A study on correlations between precipitation ETCCDI and airborne pollen/fungal spore parameters in the NE Iberian Peninsula

R. Rodríguez-Solà, M. C. Casas-Castillo*, J. J.Ho Zhang, R. Kirchner, M. Alarcón, C. Periago, C. De Linares, J. Belmonte

*Corresponding author for this work

Research output: Contribution to journalArticleResearchpeer-review


Precipitation is one of the meteorological variables usually involved in the aerobiological studies, which presents a complex relationship with atmospheric levels of pollen and fungal spores and the temporal characteristics of their seasons. This complexity is due in a large part to rainfall’s twofold impact of having, prior to pollination, a positive influence on subsequent pollen production and of contributing, during pollination, to pollen removal from the air through a wash-out effect. To better explore this impact, we place particular emphasis on extreme rainfall by calculating the correlation between airborne pollen and fungal spore parameters and the precipitation indices that the Expert Team on Climate Change Detection and Indices (ETCCDI) proposed for characterising climate extremes. Parameters for twenty-seven pollen and fungal spore taxa measured in six aerobiological stations in the NE Iberian Peninsula have been considered. We have distinguished between annual and winter ETCCDI in order to compare the correlations between extreme rainfall and airborne pollen concentrations and to avoid the wash-out effect as far as possible. Results show a positive influence from an increase in moderately extreme winter rainfall, specifically on subsequent pollen/fungal spore production: the percentage of all possible significant correlations is higher for winter than for annual rainfall. Furthermore, while annual rainfall in this region has nearly the same number of positive as negative correlations, the positive correlations for winter rainfall are more than twice that of the negative ones. The seasonal consideration on rainfall ETCCDI made with the aim to avoid the confounding overlapping of different rainfall impacts has led to more sharpened observations of its positive and negative effects on airborne pollen and fungal spore concentrations. Graphical abstract: [Figure not available: see fulltext.]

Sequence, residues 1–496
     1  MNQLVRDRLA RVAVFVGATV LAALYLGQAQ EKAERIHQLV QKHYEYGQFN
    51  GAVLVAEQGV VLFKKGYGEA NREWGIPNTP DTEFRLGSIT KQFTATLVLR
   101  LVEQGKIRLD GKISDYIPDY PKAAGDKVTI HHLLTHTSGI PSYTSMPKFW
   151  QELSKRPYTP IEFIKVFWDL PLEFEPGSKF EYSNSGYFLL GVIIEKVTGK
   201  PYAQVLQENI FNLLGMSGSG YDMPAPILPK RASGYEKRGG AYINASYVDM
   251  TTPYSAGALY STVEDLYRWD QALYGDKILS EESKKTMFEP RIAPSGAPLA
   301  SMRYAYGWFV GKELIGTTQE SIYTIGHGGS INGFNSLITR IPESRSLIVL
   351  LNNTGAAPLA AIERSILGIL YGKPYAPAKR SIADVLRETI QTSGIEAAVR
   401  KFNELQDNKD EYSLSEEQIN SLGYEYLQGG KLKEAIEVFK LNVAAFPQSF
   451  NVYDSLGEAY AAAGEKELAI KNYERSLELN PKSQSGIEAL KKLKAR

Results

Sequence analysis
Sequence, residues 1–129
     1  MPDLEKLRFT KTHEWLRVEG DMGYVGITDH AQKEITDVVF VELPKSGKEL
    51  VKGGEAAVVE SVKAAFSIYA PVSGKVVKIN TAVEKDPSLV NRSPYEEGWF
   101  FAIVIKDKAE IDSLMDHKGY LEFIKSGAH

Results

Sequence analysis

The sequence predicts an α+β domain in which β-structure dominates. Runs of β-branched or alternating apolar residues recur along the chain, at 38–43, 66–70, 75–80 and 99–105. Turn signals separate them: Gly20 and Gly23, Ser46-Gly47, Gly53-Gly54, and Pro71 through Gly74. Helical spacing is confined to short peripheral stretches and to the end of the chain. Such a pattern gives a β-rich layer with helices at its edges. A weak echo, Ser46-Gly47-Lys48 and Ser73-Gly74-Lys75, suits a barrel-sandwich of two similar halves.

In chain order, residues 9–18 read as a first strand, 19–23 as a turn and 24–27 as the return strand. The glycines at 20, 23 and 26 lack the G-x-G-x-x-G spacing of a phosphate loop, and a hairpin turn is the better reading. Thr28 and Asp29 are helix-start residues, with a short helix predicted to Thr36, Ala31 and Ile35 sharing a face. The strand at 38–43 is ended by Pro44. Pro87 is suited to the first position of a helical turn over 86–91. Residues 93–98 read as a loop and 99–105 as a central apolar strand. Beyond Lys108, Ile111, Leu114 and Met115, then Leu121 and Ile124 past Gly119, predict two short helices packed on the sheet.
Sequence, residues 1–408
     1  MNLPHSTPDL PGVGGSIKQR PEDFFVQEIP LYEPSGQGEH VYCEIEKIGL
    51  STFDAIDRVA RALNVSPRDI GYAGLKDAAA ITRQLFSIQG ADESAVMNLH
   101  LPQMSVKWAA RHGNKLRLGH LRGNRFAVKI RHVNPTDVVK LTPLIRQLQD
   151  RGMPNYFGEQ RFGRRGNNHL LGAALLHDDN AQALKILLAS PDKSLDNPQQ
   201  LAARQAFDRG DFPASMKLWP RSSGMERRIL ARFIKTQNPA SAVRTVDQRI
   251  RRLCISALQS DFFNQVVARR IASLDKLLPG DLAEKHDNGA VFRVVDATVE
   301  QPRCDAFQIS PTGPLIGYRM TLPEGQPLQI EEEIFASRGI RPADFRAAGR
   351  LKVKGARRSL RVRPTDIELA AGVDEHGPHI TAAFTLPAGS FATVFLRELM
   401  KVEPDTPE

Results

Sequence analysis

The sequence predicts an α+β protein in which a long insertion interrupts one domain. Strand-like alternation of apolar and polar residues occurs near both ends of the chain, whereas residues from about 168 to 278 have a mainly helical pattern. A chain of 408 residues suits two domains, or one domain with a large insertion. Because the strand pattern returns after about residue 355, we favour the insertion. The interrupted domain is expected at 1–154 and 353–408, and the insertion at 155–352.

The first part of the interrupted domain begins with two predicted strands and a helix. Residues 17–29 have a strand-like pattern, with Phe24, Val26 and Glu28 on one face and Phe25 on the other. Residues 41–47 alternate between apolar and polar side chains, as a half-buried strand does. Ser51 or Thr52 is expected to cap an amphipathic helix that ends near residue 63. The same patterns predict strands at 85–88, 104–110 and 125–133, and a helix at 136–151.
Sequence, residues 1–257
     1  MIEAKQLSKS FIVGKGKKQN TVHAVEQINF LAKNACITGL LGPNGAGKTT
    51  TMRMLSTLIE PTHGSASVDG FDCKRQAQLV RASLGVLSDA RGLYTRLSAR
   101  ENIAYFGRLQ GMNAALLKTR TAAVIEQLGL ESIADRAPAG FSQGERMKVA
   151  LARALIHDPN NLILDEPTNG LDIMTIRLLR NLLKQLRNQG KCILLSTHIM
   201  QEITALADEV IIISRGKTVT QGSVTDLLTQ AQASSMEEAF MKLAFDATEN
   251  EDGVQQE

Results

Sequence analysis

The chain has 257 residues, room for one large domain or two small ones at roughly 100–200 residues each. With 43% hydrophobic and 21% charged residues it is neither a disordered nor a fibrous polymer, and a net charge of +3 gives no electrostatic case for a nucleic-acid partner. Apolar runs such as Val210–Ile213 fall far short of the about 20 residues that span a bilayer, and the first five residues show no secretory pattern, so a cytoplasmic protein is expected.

Original languageEnglish
Number of pages15
JournalInternational Journal of Biometeorology
Early online date11 Mar 2022
Publication statusPublished - 11 Mar 2022


  • Aerobiology
  • Climate extremes
  • Extreme rainfall
  • Wash-out effect
  • Winter rainfall


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